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I seem to have a focus issue with my new Tokina 11-20. It's mounted on a Canon 1000D(XS)enter image description here

The camera is on a tripod.

The lens is wide open F/2.8, at 11 mm. I manually focused on the T on the box using liveview for the "manual" shot.

Then I manually focused the lens to infinity and let the camera refocus using the center cross point, centered on the T. I also did a shot manually focusing to shortest distance and let the AF focus again; the result was identical to the previous one(still off).

I called the shop, they're willing to give me my money back, but they're out of stock. Basically I can't get a replacement any time soon (no competitors either).

So I guess my question boils down to this; Is this enough to be classified as a defect? Or is another lens just as likely to show the same inaccuracy(do I just deal with it?)?

The focus also seems to be very persistent, it "nails" it everytime, only 3 cm behind the subject. Is it possible to calibrate it?

Note: no focus microadjust in the Canon 1000D

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    Unless the target is perpendicular to the sensor in the camera, which doesn't appear to be the case here, the results of your AF test will not be accurate. – Michael C Jul 15 '16 at 2:47
  • So I shouldn't expect the AF to be accurate in a real world scenario(where targets are rarely perpendicular)? Thanks – Lasse Sivertsen Jul 15 '16 at 9:58
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    You should expect it to do what you have told it to do, but you shouldn't expect it to do what you think you've told it to do when you haven't learned its language. – Michael C Jul 15 '16 at 10:00
  • Quite honestly, the first image looks soft due more to camera movement/vibration than anything else. Nothing is as sharp as the sharpest parts of the second image. If your shutter speed was in the 1/2 to 1/100 second range it is possible mirror vibrations could have caused the softness. – Michael C Jul 15 '16 at 10:08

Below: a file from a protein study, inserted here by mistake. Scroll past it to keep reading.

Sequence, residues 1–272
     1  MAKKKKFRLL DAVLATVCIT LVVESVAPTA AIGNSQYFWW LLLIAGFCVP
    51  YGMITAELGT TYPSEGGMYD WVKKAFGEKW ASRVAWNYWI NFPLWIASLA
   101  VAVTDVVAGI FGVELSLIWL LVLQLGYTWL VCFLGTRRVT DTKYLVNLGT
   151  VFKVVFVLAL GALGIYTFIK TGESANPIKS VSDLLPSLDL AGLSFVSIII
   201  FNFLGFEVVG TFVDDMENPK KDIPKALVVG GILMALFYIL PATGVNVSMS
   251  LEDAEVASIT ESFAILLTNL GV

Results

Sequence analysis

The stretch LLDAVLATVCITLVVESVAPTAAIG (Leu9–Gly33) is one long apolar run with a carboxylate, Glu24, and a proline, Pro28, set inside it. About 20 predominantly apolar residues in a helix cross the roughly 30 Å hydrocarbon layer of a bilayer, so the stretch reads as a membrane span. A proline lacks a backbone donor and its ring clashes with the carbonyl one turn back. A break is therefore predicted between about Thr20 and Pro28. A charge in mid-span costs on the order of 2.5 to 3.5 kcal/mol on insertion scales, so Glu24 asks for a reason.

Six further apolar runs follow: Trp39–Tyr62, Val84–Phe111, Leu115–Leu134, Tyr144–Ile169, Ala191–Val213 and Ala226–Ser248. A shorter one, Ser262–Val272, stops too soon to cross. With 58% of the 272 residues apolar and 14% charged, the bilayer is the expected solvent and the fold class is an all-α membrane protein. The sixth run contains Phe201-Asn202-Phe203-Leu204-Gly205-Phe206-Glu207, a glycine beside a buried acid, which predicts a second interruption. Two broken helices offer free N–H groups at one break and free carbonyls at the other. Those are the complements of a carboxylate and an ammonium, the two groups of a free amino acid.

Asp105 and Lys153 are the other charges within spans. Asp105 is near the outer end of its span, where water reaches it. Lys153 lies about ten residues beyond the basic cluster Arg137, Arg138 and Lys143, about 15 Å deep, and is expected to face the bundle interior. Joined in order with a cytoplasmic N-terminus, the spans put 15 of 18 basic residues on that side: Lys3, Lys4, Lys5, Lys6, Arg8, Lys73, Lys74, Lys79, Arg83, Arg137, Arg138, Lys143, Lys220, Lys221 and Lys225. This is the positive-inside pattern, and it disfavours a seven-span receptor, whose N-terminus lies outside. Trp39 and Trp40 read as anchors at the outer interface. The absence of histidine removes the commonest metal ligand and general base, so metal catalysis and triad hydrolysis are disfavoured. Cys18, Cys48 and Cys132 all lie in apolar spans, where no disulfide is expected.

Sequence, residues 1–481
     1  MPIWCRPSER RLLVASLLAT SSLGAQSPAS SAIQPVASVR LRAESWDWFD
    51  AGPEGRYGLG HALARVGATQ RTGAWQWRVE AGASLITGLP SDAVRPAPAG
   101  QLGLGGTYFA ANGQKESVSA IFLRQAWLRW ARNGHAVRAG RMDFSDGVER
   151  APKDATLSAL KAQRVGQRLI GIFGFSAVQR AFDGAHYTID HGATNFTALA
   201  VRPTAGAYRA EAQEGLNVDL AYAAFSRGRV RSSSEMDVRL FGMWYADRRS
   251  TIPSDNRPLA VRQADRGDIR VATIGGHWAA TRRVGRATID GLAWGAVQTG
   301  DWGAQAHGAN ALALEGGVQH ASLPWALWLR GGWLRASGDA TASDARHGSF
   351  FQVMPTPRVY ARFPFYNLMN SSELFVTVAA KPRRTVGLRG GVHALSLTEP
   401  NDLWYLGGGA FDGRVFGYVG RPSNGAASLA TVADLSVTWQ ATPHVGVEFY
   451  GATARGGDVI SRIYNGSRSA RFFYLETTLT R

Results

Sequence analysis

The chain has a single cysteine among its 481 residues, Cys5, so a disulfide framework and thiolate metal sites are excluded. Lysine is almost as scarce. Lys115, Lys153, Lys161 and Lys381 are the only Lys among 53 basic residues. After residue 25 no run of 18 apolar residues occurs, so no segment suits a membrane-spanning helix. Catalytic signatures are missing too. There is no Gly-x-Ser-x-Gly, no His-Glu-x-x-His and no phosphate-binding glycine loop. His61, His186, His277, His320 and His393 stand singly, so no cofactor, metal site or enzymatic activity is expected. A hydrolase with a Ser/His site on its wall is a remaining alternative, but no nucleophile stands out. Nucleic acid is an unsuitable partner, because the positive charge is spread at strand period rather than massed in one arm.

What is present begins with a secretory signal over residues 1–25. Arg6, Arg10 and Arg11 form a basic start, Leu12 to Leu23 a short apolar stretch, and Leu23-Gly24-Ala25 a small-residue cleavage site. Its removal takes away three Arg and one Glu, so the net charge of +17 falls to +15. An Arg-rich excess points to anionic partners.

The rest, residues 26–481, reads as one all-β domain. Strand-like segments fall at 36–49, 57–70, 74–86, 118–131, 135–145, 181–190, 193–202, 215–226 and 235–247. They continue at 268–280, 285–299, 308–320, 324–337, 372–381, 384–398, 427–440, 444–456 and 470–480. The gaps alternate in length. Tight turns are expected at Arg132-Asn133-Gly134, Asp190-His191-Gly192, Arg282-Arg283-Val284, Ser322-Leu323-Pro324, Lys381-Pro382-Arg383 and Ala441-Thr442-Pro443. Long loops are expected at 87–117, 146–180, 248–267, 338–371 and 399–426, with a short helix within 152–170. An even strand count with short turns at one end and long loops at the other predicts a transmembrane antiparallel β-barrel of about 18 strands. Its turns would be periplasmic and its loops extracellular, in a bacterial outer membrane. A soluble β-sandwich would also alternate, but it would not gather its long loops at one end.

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It is within the realm of possibility that the lens is back focusing. To confirm this and measure exactly to what degree, though, the target and distance scales need to be properly aligned with the camera.

There are a couple of reasons why good alignment is needed to get a valid AF test measurement:

  • If the camera is aimed at an angle to a target such as you have created then the distance from the camera to the "T" on the target is not precisely the same as the distance to the "0" point on the scale beneath it and to the side.
  • Your AF system will attempt to focus on the area of greatest contrast within the entire active area of the AF point(s) selected. The area of sensitivity for most AF points is quite a bit larger than the indicator square that you see in the viewfinder. Modern AF systems often have overlapping areas of sensitivity between adjacent points. If the camera is not perpendicular to the target then the camera may be trying to focus on an area closer or further from the camera than the spot at which you think you are aiming it. For more, please see Which offers better results: FoCal or LensAlign Pro? and Are of cross-type focus points more accurate, or just faster?

If it turns out the lens is consistently missing in one direction with the 1000D, which lacks AF Micro Adjustment capability, you have a couple of options:

  • Exchange the lens and hope the manufacturing tolerances of the next one matches up better with the manufacturing tolerances of your camera.
  • Send both the lens and your camera to an authorized Tokina service center and let them adjust the lens to the camera.
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With this lens mounted on a D5500 I have found that AF accuracy is a problem using the viewfinder ie. focusing using the AF sensor. In this case it front focuses and the severity of the eror is less at the 11mm end of the zoom range and is worst at the 29mm end. Almost the same results were found using a Nikon D3300 camera.

If the lens is manually focused using the in focus indicator in the viewfinder the result is the same and the amount of slop in the indicator from lit to unlit whilst rotating the focus ring is huge. If the lens is focused using live view the result is accurate and this is easy achieve with the touch screen on the D5500 being suitable to "pull focus". The focus results that I obtained were similar before and after the lens was returned to the Tokina agent for calibration without the camera. ie. when set up to factory specs it was still front focusing but not on "live view" which uses the main sensor to achieve focus.

Conclusion: This is a design issue for Tokina to address as it will not operate properly in viewfinder focus mode on two current models of Nikon DX cameras.

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